So a little background on my 1991 Mercury Cougar to understand why I'm doing all this. My mom bought the car new in 1991, it is a 1991 Mercury Cougar LS, which came with a 5.0V8, and was originally red with gray cloth interior. In 1994 it took a good hit to the LF corner, and was brought to a supposedly very good body shop to get repaired. My mom used it as her daily driver from 1991 until 1998, when at 206K miles it threw a serpentine belt and left her on the side of the road. I was 16 at the time, and already loved this car from all the childhood memories, including annual week-long road trips that I used to take with my mom in the summer every year. I begged her not to get rid of it, so she had it towed home, gave me the keys and the title, and said if I got it running I could have it. A little wrenching later and about $125 is parts and I had myself a V8 powered coupe for my first car! I drove the car for that first year, just building up even more great memories with it. When I was 18, I lost my license for a while, so I gave (loaned) the car to my cousin, who had just gotten hers. She drove it for about 6 months, then got into a minor accident in a parking lot with it where the front bumper cover got ripped off, a dent in the fender, and a couple broken lights. At the time I was going to college, and working part time at a Maaco body shop, so I took the car back from her, counted my lucky stars that it was nothing major, fixed the damage, grafted in side scoops from a 99 Mustang, and painted the whole car black with silver racing stripes and "ELIMINATOR" painted on the quarter panels. Probably not the direction I would have taken with it now, but it has become part of the car's identity, so while it will be redone better, it will keep the same scheme.
So the car got repainted, but it still had the original engine, which at this point had over 230K miles on it. When I was 19 I got a job at a mechanic shop that did Mustang performance work, so in the process of learning there, I decided it would be a good time to do some engine work. I bought a low-mileage short-block out of a 95 Mustang, swapped on some GT40 iron heads, an E-303 cam, and a 3000rpm stall converter. I also swapped in a set of black leather SC seats. At the time, I really didn't know what I was doing, and was working with what parts I could get for cheap, so it was not a well thought out package, and the car still wasn't that fast, but it looked good, and now it sounded pretty mean too with the cam! Anyway, I drove the car like that for about 2 years, until one day on the way from North Carolina back up to NJ, the motor lost oil pressure and started knocking. I had a buddy with a truck rent a U-Haul tow dolly and we towed the car back to my mom's house in NJ, where it sat in the garage untouched for several years.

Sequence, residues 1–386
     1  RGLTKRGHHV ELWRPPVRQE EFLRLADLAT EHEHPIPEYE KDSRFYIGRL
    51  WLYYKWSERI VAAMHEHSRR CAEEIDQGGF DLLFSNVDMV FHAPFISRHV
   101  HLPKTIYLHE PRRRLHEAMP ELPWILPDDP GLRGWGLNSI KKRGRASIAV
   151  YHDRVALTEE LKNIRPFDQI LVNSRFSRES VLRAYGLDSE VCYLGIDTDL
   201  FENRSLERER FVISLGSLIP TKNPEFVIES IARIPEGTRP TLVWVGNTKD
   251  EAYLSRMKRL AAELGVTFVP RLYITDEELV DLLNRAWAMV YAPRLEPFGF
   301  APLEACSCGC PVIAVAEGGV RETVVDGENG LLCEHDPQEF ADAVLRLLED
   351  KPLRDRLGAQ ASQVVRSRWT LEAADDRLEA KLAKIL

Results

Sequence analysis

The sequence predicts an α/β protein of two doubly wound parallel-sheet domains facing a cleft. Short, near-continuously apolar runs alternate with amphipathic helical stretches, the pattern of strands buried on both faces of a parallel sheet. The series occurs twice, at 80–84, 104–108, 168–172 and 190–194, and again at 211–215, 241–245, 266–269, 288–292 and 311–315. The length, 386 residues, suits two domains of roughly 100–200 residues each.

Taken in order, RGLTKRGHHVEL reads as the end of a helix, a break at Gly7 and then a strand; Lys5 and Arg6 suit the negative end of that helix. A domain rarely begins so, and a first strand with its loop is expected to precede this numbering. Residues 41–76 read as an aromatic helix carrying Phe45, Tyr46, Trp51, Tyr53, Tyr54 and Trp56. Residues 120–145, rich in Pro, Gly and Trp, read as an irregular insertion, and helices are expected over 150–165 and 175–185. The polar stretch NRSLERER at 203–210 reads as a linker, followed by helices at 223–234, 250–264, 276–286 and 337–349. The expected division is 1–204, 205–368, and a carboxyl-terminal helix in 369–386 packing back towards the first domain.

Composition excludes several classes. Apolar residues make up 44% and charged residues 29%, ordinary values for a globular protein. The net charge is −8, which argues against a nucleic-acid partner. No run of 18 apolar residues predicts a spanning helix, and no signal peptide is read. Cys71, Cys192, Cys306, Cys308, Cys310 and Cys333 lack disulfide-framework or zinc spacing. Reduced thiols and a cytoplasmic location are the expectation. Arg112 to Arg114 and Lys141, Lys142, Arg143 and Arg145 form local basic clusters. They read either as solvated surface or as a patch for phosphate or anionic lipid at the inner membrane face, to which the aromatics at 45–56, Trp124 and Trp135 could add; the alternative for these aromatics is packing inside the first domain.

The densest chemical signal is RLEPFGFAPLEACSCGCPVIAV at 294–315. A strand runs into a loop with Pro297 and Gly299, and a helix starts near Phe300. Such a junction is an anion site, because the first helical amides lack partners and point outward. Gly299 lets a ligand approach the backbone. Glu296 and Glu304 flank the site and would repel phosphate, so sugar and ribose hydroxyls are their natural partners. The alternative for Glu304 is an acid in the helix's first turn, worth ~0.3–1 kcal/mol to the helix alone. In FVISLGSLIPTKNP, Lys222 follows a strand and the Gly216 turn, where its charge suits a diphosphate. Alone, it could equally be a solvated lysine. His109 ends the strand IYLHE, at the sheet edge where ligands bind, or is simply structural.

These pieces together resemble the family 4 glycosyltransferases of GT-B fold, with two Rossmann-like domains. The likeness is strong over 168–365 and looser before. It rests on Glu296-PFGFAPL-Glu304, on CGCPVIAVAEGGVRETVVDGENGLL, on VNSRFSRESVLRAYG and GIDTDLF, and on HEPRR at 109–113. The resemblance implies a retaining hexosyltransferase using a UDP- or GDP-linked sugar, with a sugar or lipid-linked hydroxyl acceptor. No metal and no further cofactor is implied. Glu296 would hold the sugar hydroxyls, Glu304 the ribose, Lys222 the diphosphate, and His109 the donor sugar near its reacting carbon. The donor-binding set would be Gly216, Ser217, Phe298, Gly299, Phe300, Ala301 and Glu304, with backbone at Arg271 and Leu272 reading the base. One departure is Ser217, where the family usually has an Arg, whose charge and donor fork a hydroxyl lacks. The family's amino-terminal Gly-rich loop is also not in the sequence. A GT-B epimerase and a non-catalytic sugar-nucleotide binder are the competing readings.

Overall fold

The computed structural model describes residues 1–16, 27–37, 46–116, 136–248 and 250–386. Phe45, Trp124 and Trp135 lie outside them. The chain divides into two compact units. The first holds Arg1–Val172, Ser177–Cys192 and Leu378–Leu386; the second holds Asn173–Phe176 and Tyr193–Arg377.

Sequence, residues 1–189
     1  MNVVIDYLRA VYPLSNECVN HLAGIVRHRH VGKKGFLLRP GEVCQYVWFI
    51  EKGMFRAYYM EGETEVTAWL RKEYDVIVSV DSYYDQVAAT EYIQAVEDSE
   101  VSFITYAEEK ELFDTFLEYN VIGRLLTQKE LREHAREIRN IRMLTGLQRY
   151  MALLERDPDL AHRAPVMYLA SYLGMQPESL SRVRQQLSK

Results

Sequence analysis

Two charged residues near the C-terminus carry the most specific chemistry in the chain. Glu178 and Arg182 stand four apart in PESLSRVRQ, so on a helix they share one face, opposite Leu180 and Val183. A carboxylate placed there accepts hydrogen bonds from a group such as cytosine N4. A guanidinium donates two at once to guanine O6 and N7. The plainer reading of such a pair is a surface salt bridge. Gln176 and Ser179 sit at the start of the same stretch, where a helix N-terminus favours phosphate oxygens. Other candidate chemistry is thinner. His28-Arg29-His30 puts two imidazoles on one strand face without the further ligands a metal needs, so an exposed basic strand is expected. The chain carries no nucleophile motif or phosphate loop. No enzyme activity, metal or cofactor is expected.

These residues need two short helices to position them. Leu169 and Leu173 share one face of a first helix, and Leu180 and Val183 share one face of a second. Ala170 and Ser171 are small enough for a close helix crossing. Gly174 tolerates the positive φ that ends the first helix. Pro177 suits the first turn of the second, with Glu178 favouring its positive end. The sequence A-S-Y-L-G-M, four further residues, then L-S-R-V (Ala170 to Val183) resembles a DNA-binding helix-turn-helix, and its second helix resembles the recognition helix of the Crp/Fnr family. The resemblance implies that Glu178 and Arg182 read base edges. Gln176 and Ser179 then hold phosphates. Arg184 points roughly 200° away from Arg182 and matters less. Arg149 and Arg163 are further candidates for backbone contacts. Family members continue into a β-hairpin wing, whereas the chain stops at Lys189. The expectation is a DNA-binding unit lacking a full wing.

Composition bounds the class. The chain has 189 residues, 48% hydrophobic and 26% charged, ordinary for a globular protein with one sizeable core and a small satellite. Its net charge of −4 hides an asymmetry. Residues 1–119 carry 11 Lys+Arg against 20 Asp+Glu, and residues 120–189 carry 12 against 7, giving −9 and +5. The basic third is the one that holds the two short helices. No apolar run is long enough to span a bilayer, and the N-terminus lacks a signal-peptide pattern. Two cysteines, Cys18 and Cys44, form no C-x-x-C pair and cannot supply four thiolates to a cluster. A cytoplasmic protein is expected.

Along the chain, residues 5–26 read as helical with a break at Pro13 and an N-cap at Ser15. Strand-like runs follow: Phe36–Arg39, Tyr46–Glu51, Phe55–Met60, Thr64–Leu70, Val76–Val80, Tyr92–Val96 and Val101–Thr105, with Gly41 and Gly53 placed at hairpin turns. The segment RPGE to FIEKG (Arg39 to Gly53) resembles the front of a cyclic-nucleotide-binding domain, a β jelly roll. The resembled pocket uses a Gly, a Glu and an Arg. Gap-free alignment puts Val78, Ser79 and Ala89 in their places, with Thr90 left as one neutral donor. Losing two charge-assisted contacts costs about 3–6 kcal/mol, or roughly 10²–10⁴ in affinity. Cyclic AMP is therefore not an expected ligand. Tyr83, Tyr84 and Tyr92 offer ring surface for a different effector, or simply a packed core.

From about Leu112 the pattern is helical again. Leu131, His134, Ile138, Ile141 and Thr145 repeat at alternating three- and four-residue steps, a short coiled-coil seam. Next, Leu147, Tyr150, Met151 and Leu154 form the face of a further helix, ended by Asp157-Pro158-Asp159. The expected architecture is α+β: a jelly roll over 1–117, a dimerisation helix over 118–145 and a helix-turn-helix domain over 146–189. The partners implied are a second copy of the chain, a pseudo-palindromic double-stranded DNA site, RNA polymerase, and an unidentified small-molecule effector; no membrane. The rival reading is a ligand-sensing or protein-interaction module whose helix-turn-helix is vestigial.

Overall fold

Eventually I had enough money to put together a decent engine for the car, so I brought it to the shop I was working at and went at it. I got a 351W block, sent it out to get bored .030" over, and built myself a budget 393 stroker with some ported Holley systemax heads and a Typhoon intake. At the same time, the auto came out and the car got converted to an M5R2, the cracked gray dash was swapped out to a nice black one, the front suspension got rebuilt, and the car got a set of SC springs and sway bars, and some 17x9 Cobra Rs. Get everything together, and the engine smokes and burns a ton of oil. Compression check showed 190psi on all cylinders, so it couldn't be the rings, tried new valve seals, different rocker arms, adjustable guide plates thinking maybe the rockers were side-loading the valves, catch can for the PCV system, new intake gaskets thinking that maybe it was sucking oil up from the valley, nothing made any difference. The car got parked on the side of the shop until I could mess with it again, and there it sat, under a tree, covered in leaves and pine needles, growing mildew in the interior, and generally being a prime example of the effects of entropy for 6 years!